Apr 14, 2011 8:00 PM - May 1, 2011
THEATER. Theater for the New City presents World Premiere of Czechoslovak-American Marionette Theatre in "MR. M"
WORLD PREMIERE RUN:
April 14 to May 1, 2011
Theater for the New City, 155 First Avenue (at East 10th Street) Presented by Theater for the New City, Crystal Field, Executive Artistic Director Thursdays through Saturdays at 8:00 PM; Sundays at 3:00 PM $10. Box office (212) 254-1109; www.theaterforthenewcity.net
May 5 (Thurs) at 8:00 PM, May 7 (Sat) at 9:00 PM, May 8 (Sun) at 5:00 PM JCC in Manhattan
334 Amsterdam Avenue (between 75th & 76th Streets) Presented by JCC in Manhattan in association with GOH Productions.
$15 members; $20 non-members
Box office 646.505.5708, www.jccarts.org
This play contains Holocaust themes. It is recommended for audiences age 10 to 110.
DETAILS AND ARTIST INFORMATION:
With "Mr. M," Czechoslovak-American Marionette Theatre will perform the first American stage adaptation of "Mr. Theodore Mundstock," a story of the triumph of the human spirit by Ladislav Fuks, a postwar Czech writer of psychological fiction who achieved instant fame with that book, his debut novel. The drama, written and directed by Vit Horejs, is the latest in the company's "zivacek" plays, in which the cast is visible to the audience whether performing with or without puppets. ("Zivacek," which literally means "living," is the Czech expression for visible actors who act with puppets.)
The story is set in 1942 Prague, Germans occupy the country, and Jews await the dreaded summons to the concentration camps. Mr. M is an ordinary man trying to prepare for an unimaginable fate. Each day his panic mounts, goading him to the brink of insanity. To calm himself, he resolves to prepare carefully, simulating the camp environment in his tiny apartment, learning to sleep on a wooden board, hardening his mind against insults and strengthening his muscles against hard labor. The preparations bring on a sudden calm and with pride, almost joy in anticipation, he dedicates himself to helping his friends who might share the same fate. Where there is humor in the play, it's "Terezin humor," an expression connotating the dark humor that Czech Jews adopted in their cabaret at Theresienstadt concentration camp.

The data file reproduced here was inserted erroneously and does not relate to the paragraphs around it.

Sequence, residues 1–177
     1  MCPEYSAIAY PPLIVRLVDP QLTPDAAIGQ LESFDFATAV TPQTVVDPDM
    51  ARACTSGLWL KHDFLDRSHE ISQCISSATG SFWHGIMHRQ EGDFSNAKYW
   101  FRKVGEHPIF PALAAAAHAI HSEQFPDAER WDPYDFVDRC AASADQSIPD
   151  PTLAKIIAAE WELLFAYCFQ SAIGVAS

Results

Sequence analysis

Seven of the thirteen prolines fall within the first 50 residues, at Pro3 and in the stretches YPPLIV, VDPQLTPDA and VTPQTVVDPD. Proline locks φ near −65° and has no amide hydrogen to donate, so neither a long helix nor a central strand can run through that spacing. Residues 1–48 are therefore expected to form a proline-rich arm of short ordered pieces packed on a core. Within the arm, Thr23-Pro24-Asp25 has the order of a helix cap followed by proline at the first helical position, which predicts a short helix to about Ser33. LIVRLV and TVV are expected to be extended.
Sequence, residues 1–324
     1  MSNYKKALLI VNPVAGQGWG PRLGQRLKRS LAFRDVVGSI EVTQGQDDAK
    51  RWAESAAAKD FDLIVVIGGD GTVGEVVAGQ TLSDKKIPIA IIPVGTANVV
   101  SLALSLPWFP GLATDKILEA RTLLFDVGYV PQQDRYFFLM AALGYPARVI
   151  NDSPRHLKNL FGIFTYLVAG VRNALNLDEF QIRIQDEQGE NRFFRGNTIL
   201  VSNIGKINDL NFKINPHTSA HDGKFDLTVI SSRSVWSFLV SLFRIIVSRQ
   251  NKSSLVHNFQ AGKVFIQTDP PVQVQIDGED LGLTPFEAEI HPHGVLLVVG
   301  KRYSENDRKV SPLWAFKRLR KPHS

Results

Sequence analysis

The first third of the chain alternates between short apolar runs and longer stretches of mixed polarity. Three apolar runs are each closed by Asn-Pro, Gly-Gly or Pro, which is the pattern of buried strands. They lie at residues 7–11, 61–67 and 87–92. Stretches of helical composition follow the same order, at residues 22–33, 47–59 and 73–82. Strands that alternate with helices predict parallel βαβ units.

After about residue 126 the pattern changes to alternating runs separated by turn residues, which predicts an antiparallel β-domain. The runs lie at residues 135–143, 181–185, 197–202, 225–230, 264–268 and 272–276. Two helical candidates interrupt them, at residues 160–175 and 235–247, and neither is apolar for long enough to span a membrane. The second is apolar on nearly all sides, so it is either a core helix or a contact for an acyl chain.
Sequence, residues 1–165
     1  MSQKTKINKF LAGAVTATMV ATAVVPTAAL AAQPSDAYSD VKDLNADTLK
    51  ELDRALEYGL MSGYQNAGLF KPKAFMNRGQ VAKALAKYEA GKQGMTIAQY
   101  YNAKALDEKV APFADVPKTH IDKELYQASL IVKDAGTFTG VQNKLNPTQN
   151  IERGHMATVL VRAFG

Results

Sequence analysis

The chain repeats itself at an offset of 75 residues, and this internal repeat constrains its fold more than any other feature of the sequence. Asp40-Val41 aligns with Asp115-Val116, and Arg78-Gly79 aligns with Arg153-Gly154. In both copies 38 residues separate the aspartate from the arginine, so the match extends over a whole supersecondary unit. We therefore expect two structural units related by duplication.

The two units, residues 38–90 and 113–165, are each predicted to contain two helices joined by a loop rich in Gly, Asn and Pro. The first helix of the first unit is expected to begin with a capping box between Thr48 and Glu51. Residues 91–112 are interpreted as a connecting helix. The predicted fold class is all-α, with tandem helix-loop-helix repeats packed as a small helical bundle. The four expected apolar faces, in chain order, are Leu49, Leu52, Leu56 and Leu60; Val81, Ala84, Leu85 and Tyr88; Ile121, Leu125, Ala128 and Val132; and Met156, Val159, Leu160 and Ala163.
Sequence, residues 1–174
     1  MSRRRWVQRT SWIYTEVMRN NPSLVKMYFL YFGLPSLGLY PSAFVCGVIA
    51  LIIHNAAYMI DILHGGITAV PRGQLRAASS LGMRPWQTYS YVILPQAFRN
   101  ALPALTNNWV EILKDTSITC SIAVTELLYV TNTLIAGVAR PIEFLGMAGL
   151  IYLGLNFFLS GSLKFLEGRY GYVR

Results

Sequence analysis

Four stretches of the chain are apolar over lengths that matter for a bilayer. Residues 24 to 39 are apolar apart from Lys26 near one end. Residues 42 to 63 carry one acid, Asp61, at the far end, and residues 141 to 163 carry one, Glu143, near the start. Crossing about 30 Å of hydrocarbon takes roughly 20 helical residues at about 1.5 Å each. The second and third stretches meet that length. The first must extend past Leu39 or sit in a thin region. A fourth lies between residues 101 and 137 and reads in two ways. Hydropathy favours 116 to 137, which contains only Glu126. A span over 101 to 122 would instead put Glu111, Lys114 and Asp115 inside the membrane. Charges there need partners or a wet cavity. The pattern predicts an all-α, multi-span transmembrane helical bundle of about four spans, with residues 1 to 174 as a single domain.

Author Ladislav Fuks came of age during the Nazi occupation of Czechoslovakia and ultimately wrote about it in his stories and novels. "Mr. Theodore Mundstock" ("Pan Theodor Mundstock"), initially published in 1963, was his first novel and made him famous almost overnight. The American version, translated by Iris Urwin and issued by Orion Press in 1968, introduced English speaking readers to a novel as rich and eccentric as anything by Fuks' fellow countryman, Franz Kafka.
The novel is being interpreted for the stage by Vit Horejs, Artistic Director of Czechoslovak-American Marionette Theatre, who has been haunted by the story since his 1970s student days in Prague.
The production emphasizes object theater over puppetry. Mr. M's furniture moves around him, the room morphs into a concentration camp in his dreams and reality turns inside out as he visits his friends in "reality" and they visit him in his "imagination." There is one directly manipulated puppet, Mr. M's shadow or alter ego. There is also a short marionette scene featuring Czech toy marionettes. (One is an antique and the rest were built from 1930s molds by Milos Kasal. The antique was actually a toy of Horejs's mother.) Yiddish songs will be performed live by Adrienne Cooper.
The performers, all company members of Czechoslovak-American Marionette Theatre, are Deborah Beshaw, Michelle Beshaw, Vit Horejs, Theresa Linnihan, Steven Ryan and Ronny Wasserstrom (who plays the title character). Set and costume design and the puppet of Mr. M's shadow are by Michelle Beshaw. Lighting design is by Federico Restrepo.
ABOUT CZECHOSLOVAK-AMERICAN MARIONETTE THEATER (CAMT)